But the WaPo article is unclear about whether a restoration of service would pay for itself. The article quotes a lot of numbers, but none answer the essential question of whether the ridership revenue generated would equal or exceed the added expense — a critical issue, one would think, for an organization that (a) operates at a loss, and (b) still faces unfunded capital needs and pension liabilities.

Is it “stop and frisk”  or “investigative detention?” The latest uproar in the People’s Republic of Charlottesville is over the alleged police practice of stop-and-frisk, which allegedly disproportionately targets minorities. Roiling the waters even more, Charlottesville’s Police Chief RaShall Brackney said yesterday that data on the city’s policy — whatever you call it — will be unavailable until it is extracted from a new software system, reports the Daily Progress.

Community activists note that African-Americans made up 122 of the 173 people stopped for what the police calls “investigative detention.” Fifty-five of the stops happened after police were dispatched to an area, whereas 118 of those stops were officer-initiated.

Brackney, who is female and black, disputed the stop-and-frisk label. “We don’t do stop and frisk,” she said. “We do either a mere encounter or we engage a person [in] which we may have a warrantless search and seizure. I will not, I will not, label what we do based on some national trends or what New York has decided to do.”

Boomergeddon watch: From Government Executive: The United States Postal Service retirement health fund will run out of money in 12 years if Congress does not act. Approximately 500,000 retirees rely upon the program. The Postal Service has missed $38 billion in required prefunding payments into the retiree health fund since 2010. Either way, someone is screwed. Either postal retirees see major cuts to their pensions or the taxpayers pick up the multibillion-dollar tab.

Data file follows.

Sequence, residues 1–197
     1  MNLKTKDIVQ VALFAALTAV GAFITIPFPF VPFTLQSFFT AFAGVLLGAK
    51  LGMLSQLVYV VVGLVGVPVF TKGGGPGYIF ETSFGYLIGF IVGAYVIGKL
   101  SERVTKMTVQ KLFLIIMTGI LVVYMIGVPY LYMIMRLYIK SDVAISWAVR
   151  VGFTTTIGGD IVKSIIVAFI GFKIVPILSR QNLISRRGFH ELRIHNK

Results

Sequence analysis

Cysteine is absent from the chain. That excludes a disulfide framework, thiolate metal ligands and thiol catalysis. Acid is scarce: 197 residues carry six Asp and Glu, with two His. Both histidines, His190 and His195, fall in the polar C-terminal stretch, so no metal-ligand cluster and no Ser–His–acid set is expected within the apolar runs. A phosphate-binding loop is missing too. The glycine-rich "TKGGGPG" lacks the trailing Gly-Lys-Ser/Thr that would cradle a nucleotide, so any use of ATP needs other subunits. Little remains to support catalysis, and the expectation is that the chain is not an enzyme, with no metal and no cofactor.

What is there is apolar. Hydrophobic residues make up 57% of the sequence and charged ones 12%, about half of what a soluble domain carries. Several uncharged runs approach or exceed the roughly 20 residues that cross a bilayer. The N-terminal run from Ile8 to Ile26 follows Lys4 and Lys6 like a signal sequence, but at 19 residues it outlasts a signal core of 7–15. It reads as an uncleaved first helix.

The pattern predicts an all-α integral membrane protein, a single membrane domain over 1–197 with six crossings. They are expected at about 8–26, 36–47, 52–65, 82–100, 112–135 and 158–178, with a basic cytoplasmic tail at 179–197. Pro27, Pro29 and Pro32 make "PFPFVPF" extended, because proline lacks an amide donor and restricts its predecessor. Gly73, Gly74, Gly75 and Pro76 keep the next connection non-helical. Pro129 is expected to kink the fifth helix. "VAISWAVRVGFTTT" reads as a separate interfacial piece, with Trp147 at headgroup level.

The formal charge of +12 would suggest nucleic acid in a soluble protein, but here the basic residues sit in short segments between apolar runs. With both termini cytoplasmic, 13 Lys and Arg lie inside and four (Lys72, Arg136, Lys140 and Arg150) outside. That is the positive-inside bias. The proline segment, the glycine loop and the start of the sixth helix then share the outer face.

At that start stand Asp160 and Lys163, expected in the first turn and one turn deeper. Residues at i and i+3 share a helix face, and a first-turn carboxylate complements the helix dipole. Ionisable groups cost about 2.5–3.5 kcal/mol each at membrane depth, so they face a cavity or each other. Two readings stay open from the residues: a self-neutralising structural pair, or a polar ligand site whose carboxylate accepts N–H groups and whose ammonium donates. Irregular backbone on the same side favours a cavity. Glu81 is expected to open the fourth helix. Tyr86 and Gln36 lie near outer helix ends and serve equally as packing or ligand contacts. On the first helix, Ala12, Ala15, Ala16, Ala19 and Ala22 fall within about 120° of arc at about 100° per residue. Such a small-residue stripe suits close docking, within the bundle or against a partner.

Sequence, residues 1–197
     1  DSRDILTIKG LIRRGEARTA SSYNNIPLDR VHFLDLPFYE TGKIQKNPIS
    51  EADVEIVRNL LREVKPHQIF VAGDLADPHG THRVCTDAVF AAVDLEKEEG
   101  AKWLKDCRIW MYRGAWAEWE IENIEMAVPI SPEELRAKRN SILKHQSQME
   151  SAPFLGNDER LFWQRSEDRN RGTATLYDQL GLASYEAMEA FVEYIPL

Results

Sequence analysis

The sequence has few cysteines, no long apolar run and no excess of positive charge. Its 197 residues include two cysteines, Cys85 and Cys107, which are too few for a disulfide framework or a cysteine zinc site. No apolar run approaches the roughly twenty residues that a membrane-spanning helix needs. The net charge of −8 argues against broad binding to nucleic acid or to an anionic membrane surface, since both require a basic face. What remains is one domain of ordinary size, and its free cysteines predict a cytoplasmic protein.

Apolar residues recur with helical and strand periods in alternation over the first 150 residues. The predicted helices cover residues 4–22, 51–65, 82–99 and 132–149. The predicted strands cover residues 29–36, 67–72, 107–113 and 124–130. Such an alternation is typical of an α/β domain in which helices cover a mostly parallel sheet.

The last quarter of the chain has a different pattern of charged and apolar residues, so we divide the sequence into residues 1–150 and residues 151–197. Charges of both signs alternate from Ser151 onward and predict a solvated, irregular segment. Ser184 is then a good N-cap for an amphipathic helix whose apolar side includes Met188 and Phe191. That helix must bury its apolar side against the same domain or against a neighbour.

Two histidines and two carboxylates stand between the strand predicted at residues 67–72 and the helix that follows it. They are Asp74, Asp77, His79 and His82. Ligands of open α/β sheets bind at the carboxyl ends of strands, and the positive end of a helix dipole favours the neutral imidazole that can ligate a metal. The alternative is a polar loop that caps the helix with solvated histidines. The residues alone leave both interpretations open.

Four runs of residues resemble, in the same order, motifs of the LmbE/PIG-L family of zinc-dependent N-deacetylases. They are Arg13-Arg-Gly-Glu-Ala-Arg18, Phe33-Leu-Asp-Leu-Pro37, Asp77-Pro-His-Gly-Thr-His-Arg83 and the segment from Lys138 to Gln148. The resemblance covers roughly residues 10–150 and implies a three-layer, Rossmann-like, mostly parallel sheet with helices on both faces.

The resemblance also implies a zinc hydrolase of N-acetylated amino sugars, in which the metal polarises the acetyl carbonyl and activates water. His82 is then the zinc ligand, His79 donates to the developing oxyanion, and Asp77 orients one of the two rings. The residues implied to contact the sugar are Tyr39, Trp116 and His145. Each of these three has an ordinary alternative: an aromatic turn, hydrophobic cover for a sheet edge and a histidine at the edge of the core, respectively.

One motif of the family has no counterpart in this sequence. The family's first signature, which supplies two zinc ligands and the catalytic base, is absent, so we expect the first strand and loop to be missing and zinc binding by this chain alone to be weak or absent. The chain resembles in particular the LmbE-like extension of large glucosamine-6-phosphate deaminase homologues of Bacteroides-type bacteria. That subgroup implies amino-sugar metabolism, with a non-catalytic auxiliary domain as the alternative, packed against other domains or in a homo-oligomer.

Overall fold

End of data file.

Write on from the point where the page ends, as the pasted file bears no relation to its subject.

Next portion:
Shocker: Positive Signs from Washington Metro

I have relentlessly criticized the Washington Metro system for years, but I have to give credit to management under General Manager Paul J. Wiedefeld for trying to steer the dysfunctional mass transit system in a fiscally sustainable direction. Today’s media reports highlight two straws in the wind.

First, the Washington Metropolitan Area Transit Authority (MWATA) is trying to revive a plan to redevelop portions of the Huntington Metro campus in Fairfax County, according to the Washington Business Journal. An effort to redevelop a 1.15-acre parcel failed four years ago. But Metro has expanded the project scope to 12 acres.

The selected developer for this larger project would not only design the 12-acre site but also help WMATA determine the need for replacement transit facilities — the three parking garages at Huntington Metro Station had a combined usage rate of 61 percent for fiscal year 2018. WMATA recently closed an 885-space garage on 6 acres located on the south side of the station, where it sees an opportunity for redevelopment if parking demand doesn’t merit replacing.

Heavy-rail transit stations significantly increase the value of adjacent properties. Mass transit systems in other countries employ “value capture” strategies to extract some of that increased value to defray the cost of building and operating their stations. For the most part, Washington’s Metro system has failed to do that. Rather, property owners reaped windfall gains from the public’s massive investment. (A partial exception is taxation of property owners in Tysons to pay for a modest portion of the cost of building the Silver Line extension.) However, Metro frequently did build parking structures around its stations, some of which may be severely under-utilized. The potential exists to redevelop that property in light of market conditions that favor dense, mixed-use development around Metro stations.

Although the WBJ doesn’t frame the story this way, it appears that Wiedefeld is trying to extract maximum value from the limited property Metro does own around the Huntington station. If this redevelopment project is successful, it might be a template for extracting value from other Metro parking lots and garages.

Second, Metro is looking at the potential for privatizing operations of the Silver Line extension encompassing six new stations in the high-tech corridor between Tysons and Dulles International Airport, and beyond. Reports the Washington Post:

On Tuesday, the transit agency issued a request for proposals from private companies willing to perform maintenance and operations on the line extension, which is under construction by the Metropolitan Washington Airports Authority. …

Metro has hinted for the past two years that its intention was to outsource the Silver Line service, suggesting that such a decision could save taxpayers millions of dollars in the long run. In January, the agency issued a “request for information” from potential contractors interested in the job.